“Three practical consequences followed Tun’s insistence that the Cabinet must be dismissed, which the Agong constitutionally had to accept. First, the country was without an executive government for about three weeks. Secondly, ministers of the state and their deputies totalling about fifty were suddenly without a job. They reported to work on Monday morning in the usual way. They were dismissed at the end of the day. Thirdly, it made Tun terribly vulnerable because, by his own actions, he was left alone in government. All his support had vanished in minutes. A third inexplicable and indefensible decision. And, of course, bizarre.”
Thomas reminds readers how the exceptional circumstances at that time made the move all the more irresponsible:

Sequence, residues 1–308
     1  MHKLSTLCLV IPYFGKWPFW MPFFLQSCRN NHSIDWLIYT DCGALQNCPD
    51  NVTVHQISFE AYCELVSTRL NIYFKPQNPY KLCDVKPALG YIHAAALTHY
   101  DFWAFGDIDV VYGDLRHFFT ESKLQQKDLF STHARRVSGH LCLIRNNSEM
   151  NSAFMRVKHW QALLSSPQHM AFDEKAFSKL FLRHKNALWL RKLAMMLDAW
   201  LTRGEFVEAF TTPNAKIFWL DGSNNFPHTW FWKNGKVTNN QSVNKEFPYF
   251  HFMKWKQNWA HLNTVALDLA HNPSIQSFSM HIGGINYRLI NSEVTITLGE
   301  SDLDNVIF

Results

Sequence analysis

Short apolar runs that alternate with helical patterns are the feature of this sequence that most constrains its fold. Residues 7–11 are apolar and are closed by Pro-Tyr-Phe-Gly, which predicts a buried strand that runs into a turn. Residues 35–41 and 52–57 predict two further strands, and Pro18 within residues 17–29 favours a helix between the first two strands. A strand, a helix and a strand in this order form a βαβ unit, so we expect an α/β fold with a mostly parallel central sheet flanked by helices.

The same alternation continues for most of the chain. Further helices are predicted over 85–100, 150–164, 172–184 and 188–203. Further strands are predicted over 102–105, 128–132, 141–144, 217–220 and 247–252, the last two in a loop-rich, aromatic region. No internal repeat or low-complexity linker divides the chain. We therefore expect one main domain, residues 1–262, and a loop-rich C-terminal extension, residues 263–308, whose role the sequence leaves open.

“There is a practical reason why Cabinet ministers are not removed from office when a Prime Minister resigns. Every country needs a Government, even if it is a Caretaker Government prior to general elections, to govern. They are helming the ship of state. On 24th February 2020, Malaysia, in common with numerous countries across the globe, was in the cusp of the Covid pandemic. The country badly needed smart leadership. The Minister of Health, Datuk Seri Dr. Dzulkefly Ahmad had been doing a splendid job in combating the terribly dangerous infections disease. Along with the Director-General of Health, Dato’ Seri Dr. Noor Hisham bin Abdullah, we had a safe pair of hands to lead a response from the health perspective. Minister Dzulkefly enjoyed the confidence of the population. His dismissal bordered on irresponsibility.”
With the rules upended Thomas then details how further transgressions took place. He in his role as advisor to the government “informed His Majesty that the only correct and proper method of ascertaining the confidence of any person who seeks the office of the Prime Minister is on the floor of the Dewan Rakyat at the conclusion of a debate and vote. This is the only fool-proof method of appointment.”